Rating: it was amazing
I just spent three days being read to by Jake Gyllenhaal and it was absolutely wonderful! I took Jake with me for long Summer walks, to the grocery store, Trader Joe's, and let me not forget the ten minutes I spent driving around the parking lot of Target, not for a better parking space, but to listen to Jake read "The Great Gatsby" to me! My only regret is that this fabulous experience is over. Sigh...
I've read the book and watched both versions of the movie but this is by far my favorite experience with this novel!
Highly highly recommended!
Rating: it was amazing
COSÌ CONTINUIAMO A REMARE, BARCHE CONTRO LA CORRENTE, SOSPINTI SENZA POSA VERSO IL PASSATO
Romanzo che mi è parso molto, molto cinematografico (anche se non credo Fitzgerald avesse ancora incominciato a lavorare a Hollywood quando Gatsby fu pubblicato).
Ma il cinema per gli US (e per noi italiani) è la forma d’arte esportata meglio nel corso del Novecento, quella che si è diffusa di più, è diventata più famosa. Fitzgerald anche in questo seppe cogliere l’aria del tempo (e poi restare eterno come solo i classici possono).
Il primo adattamento per lo schermo apparve a un solo anno di distanza dalla prima pubblicazione, 1926, film muto, con Warner Baxter nel ruolo del titolo, Lois Wilson in Daisy, e Neil Hamilton in Nick. La regia di Herbert Brenon. Il film fu un fiasco, come tutti gli altri che seguirono nel tempo. Fitzgerald e sua moglie Zelda detestarono questo primo adattamento e uscirono dalla sala prima della fine della proiezione. Di questo film è rimasto solo il trailer, il resto si è dissolto.
Cinematografico non solo nell’attenzione alle luci: le finestre, aperte e chiuse, i controluce, i colori (il verde della luce del faro, il giallo della macchina e degli occhiali, il rosa e l’oro degli abiti di Gatsby, l’oro della ricchezza, l’azzurro dei prati, l’argento della luna…) - pure se all’epoca la pellicola era ancora in bianco e nero, la realtà ricostruita nei set era ovviamente colorata.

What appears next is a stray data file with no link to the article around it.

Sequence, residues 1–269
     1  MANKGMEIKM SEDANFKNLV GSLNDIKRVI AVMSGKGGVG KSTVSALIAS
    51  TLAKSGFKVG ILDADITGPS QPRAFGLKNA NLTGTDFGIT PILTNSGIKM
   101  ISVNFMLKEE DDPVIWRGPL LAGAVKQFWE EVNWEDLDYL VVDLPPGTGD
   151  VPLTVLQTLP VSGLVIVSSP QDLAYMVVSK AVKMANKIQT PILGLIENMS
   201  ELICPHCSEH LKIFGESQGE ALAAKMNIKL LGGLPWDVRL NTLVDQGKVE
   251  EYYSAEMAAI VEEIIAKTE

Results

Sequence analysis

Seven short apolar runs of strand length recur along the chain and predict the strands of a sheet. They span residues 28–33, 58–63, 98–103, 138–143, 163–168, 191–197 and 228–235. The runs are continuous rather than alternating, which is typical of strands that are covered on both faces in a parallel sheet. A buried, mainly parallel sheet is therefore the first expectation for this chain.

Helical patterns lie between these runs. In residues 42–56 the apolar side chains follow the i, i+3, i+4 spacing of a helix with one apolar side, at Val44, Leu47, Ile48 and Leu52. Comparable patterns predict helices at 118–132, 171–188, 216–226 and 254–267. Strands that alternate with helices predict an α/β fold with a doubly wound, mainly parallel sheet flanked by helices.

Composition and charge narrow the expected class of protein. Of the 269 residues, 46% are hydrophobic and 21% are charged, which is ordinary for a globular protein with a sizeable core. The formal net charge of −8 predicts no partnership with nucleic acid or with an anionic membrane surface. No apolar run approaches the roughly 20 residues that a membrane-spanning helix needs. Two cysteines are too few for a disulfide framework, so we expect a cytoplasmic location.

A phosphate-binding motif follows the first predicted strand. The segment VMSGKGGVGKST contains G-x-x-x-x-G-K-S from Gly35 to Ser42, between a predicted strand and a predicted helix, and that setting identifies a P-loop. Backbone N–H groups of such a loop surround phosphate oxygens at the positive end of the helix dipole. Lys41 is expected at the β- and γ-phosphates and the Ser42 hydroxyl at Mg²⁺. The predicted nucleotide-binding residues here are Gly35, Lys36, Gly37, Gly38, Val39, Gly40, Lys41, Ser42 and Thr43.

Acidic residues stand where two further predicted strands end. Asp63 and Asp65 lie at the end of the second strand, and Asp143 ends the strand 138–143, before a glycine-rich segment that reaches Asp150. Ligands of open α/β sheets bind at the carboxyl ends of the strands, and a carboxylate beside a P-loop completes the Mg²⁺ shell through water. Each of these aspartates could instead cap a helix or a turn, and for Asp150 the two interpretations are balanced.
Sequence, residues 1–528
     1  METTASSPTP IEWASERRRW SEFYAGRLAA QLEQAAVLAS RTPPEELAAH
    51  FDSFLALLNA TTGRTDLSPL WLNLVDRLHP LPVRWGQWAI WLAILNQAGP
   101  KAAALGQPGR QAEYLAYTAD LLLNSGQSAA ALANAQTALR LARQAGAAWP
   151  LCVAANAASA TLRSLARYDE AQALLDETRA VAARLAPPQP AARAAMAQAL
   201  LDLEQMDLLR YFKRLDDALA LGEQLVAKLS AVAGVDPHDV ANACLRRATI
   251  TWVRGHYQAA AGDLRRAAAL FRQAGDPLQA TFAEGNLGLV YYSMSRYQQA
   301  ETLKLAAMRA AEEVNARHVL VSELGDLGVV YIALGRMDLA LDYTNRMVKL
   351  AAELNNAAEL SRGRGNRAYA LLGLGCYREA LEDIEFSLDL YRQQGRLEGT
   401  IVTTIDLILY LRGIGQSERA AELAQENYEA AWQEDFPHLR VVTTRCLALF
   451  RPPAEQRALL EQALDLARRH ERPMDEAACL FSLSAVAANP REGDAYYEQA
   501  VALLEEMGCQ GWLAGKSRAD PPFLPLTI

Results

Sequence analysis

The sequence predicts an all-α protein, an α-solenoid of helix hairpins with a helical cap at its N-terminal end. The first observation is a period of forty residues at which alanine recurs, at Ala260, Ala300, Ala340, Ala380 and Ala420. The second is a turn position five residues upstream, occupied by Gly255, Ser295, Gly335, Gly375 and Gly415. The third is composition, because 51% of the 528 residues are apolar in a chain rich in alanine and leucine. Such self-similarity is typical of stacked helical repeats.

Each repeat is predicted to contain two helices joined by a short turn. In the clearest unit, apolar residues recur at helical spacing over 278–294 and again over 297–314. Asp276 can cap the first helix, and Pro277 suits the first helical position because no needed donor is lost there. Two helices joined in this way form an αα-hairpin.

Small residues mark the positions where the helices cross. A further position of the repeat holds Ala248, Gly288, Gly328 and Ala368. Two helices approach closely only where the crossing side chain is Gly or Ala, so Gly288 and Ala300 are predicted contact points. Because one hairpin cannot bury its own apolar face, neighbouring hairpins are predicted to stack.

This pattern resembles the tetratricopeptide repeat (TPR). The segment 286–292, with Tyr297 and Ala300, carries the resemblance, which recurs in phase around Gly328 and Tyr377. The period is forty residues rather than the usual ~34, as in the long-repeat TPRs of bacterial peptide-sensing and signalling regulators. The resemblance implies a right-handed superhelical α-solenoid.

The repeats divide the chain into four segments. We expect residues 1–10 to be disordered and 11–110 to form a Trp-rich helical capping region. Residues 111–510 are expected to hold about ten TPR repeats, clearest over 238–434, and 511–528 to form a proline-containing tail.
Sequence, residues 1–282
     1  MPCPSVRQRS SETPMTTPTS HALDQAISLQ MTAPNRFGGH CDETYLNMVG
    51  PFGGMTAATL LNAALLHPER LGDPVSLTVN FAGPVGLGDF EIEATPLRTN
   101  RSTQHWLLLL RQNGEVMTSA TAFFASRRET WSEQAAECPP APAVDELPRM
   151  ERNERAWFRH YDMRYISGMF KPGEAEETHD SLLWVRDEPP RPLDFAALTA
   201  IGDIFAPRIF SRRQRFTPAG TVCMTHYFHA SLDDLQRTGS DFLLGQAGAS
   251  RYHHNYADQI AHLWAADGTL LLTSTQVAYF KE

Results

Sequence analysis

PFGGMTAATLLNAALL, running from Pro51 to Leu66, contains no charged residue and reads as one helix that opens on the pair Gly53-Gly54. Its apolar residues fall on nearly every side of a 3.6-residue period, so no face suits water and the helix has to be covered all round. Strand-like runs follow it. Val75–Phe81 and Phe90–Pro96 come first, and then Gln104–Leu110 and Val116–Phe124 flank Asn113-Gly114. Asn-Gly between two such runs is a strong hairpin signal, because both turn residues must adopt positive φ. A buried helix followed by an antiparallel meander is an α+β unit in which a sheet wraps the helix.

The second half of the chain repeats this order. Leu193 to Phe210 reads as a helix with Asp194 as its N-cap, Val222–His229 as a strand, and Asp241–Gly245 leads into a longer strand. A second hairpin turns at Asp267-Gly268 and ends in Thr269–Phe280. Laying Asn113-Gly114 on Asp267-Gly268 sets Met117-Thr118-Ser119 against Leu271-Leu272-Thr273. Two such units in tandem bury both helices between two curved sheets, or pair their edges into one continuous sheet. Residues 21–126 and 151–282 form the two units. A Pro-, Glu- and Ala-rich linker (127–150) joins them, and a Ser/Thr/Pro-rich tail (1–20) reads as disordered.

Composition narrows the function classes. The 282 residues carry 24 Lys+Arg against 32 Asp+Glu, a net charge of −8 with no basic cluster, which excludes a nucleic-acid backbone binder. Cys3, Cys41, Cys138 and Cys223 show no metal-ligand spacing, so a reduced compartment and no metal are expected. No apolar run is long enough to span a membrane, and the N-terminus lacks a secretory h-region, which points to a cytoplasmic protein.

Squisitamente cinematografica la prima apparizione di Gatsby, in silhouette, uscito per decidere quanto gli spettasse del nostro cielo, protende il braccio verso la luce verde al di là della baia, il faro davanti alla casa di Daisy (questa luce verde ritorna più volte nel romanzo, diventa il simbolo della ricerca di Gatsby, del sogno individuale e collettivo, infatti è lo stesso verde che appare ai primi marinai che raggiunsero la costa americana, loro sì inseguirono il sogno diretti da est a ovest).
Ma, l’effettiva entrata in scena di Gatsby è articolata in un crescendo, per i primi due capitoli e metà del terzo, come l’ingresso della primadonna. Preparata dalle voci (…è parente del Kaiser… ha ucciso un uomo… è cugino di secondo grado del diavolo…), dalle chiacchiere, dai mormorii, la curiosità sale nel protagonista io narrante e nel lettore (sicuramente nel sottoscritto lettore).
E poi, colpo di genio, Gatsby all’improvviso è già in scena: niente occhio di bue, niente rullo di tamburi, accanto a Nick, il nostro Virgilio in questa divina tragedia americana, è seduto un uomo di qualche anno più grande di lui, che parla con cura e formalità, probabilmente un ex commilitone durante la Grande Guerra. Ed è proprio lui, Gatsby, il mitico grande Gatsby, colui che dispensava la luce delle stelle a falene indifferenti.
Sempre in bianco e nero, ma in sonoro, si comincia a entrare nel mito, con Alan Ladd nella parte di Gatsby, Betty Field per Daisy, e Macdonald Carey che fa Nick. Dirige Elliott Nugent. È il 1949, e anche questo film incassa male, la maledizione di Gatsby contagia lo schermo.
Esistono molti tipi di sorriso: quello di Gatsby però è unico, e FSF lo descrive a meraviglia.